Related: FATF AML Regulation: Can the Crypto Industry Adapt to the Travel Rule?
Cryptocurrency exchanges in Japan and South Korea planned to support the stance of their respective governments to prohibit the trading of privacy coins prior to the meetings held by the FATF. However, the FATF released a document following its second plenary meeting entitled, “Outcomes FATF Plenary, 20–22 February 2019,” explicitly stating that entities described as virtual asset service providers will have to comply to the revisioned requirements of the FATF Standards.
Others to follow G-7 and FATF guidelines?
The revised requirements for virtual asset service providers could make it mandatory for all regulated exchanges located in G-7 countries to discard support for privacy coins, creating a more difficult environment to trade the digital assets.
Regulated exchanges in the United States like Coinbase and Gemini have not supported privacy coins since their inception, with the exception of Zcash in the case of Gemini. It remains unclear whether Zcash can be considered a privacy coin, as it provides users the option of processing transactions that are not private.
To process private transactions of Zcash, shielded transactions have to be initiated, and on most exchanges and wallets, shielded Zcash transactions are not processed. Due to the ability of Zcash to comply with local regulations, Gemini has supported Zcash since May 2018, and management at the Electric Coin Company has said on several occasions that ECC is working with OKEx and other South Korean exchanges to list Zcash.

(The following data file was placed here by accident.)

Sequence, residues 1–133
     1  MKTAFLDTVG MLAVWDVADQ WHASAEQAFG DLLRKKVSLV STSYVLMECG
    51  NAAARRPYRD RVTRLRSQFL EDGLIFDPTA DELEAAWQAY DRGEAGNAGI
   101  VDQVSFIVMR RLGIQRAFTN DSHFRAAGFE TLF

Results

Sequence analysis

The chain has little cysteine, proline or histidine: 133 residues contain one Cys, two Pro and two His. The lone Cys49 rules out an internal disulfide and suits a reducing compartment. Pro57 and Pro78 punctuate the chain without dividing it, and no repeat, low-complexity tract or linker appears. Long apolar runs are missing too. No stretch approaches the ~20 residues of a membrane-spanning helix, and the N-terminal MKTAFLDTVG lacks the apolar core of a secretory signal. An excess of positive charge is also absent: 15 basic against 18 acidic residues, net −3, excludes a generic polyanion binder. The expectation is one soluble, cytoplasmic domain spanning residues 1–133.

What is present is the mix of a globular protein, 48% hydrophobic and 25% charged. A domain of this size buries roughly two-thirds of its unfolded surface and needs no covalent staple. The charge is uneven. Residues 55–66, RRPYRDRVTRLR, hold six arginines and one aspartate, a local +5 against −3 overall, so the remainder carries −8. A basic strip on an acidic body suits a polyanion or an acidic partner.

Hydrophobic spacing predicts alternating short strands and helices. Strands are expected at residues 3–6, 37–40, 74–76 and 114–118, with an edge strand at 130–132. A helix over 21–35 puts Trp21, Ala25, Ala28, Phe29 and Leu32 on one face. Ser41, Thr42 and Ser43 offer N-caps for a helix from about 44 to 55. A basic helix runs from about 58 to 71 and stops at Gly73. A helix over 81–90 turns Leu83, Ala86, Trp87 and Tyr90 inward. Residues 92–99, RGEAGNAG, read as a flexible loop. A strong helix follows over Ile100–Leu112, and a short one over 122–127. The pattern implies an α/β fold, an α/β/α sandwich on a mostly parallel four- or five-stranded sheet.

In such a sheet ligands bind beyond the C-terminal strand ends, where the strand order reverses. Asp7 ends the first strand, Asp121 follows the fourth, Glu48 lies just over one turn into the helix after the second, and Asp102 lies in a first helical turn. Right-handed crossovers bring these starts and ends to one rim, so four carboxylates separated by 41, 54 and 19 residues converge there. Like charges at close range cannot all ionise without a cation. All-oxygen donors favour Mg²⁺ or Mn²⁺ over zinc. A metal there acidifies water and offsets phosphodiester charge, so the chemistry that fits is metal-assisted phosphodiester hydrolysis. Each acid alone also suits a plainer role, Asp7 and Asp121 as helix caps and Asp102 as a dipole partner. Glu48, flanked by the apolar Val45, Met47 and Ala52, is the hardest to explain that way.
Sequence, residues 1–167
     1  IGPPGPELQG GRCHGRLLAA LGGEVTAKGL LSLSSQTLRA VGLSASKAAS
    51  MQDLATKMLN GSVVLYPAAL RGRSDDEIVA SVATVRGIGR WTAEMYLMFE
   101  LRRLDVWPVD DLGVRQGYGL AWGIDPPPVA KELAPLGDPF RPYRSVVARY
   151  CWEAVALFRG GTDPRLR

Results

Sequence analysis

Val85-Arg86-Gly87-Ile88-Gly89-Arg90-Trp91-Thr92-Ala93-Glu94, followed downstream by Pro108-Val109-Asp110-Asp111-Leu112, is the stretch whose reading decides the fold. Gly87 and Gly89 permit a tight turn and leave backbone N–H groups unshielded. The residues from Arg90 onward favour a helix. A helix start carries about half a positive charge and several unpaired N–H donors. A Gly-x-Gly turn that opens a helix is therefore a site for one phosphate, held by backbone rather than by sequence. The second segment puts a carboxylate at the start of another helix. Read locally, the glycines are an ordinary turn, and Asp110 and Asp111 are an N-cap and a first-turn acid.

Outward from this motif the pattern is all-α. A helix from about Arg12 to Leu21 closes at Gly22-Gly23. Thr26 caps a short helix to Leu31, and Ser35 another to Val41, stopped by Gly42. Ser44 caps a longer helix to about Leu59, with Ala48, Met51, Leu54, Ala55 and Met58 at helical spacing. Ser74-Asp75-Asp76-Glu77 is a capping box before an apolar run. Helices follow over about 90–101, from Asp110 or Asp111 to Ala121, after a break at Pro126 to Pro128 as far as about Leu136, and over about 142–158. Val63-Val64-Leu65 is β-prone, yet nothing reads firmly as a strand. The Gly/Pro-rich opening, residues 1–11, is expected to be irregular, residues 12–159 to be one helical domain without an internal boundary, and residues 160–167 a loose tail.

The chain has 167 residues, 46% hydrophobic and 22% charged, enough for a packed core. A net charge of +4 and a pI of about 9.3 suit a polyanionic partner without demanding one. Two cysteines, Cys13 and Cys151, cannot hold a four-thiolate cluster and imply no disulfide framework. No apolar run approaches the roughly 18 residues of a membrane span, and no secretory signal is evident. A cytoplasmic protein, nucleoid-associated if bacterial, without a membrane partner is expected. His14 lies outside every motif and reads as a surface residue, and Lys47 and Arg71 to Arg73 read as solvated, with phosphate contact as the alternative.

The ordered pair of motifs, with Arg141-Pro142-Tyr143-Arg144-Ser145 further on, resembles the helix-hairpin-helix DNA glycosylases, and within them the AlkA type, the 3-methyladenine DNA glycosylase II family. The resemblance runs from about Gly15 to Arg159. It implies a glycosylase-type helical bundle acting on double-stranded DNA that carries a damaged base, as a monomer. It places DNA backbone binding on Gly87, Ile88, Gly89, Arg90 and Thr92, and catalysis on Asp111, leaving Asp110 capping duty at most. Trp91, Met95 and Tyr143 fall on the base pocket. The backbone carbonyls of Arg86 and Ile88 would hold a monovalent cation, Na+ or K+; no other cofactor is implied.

Is there a solution?
For privacy coins that purely focus on being private, like Monero for instance, it may not be possible for blockchain analytics firms to establish an efficient method of tracing transactions. As a CypherTrace spokesperson told Cointelegraph:
“Monero in particular has a very privacy focused technology including ring signatures and mixing. Most coins have a much more transparent blockchain and are not actively trying to prevent analysis.”
Hence, for Monero and a select few other privacy coins, at least in the foreseeable future, regulated cryptocurrency exchanges that either don’t support privacy coins or have already delisted privacy coins are highly unlikely to list them again.